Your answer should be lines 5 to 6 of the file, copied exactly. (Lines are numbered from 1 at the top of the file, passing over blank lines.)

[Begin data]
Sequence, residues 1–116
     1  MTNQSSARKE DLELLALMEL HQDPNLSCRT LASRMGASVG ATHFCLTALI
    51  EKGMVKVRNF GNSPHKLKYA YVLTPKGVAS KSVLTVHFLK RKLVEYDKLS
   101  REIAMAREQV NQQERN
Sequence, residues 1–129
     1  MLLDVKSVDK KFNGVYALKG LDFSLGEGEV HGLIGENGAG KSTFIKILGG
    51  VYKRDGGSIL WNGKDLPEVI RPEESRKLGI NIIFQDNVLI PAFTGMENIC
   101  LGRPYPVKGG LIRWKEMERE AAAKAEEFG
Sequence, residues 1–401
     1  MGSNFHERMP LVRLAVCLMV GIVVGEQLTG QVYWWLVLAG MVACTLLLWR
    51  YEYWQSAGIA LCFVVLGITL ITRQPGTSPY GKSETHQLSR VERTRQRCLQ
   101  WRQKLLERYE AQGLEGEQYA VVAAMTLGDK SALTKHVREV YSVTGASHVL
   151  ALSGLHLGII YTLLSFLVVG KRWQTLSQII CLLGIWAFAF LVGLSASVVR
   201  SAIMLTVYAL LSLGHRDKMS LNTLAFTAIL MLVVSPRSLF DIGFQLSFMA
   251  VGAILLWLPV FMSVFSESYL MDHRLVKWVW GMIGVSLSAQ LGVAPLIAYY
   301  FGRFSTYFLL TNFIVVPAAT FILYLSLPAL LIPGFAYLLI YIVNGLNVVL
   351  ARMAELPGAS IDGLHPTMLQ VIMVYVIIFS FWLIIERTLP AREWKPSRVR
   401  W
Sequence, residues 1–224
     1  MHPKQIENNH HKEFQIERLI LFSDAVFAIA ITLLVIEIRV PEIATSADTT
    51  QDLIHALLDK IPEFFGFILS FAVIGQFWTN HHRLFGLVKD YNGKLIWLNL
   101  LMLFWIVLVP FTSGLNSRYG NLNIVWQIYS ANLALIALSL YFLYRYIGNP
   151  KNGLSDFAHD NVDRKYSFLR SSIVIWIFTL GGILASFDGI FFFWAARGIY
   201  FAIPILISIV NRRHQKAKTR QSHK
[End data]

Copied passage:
Sequence, residues 1–129
     1  MLLDVKSVDK KFNGVYALKG LDFSLGEGEV HGLIGENGAG KSTFIKILGG